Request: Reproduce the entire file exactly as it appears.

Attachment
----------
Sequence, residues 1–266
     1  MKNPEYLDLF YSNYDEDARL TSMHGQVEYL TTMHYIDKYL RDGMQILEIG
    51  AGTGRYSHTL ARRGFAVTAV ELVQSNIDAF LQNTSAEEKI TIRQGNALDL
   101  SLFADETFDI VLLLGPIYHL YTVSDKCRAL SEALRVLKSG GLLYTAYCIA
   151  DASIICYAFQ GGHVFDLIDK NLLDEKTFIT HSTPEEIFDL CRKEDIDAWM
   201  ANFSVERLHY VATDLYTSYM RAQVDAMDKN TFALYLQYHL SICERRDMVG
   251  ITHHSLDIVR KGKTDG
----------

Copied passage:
Sequence, residues 1–266
     1  MKNPEYLDLF YSNYDEDARL TSMHGQVEYL TTMHYIDKYL RDGMQILEIG
    51  AGTGRYSHTL ARRGFAVTAV ELVQSNIDAF LQNTSAEEKI TIRQGNALDL
   101  SLFADETFDI VLLLGPIYHL YTVSDKCRAL SEALRVLKSG GLLYTAYCIA
   151  DASIICYAFQ GGHVFDLIDK NLLDEKTFIT HSTPEEIFDL CRKEDIDAWM
   201  ANFSVERLHY VATDLYTSYM RAQVDAMDKN TFALYLQYHL SICERRDMVG
   251  ITHHSLDIVR KGKTDG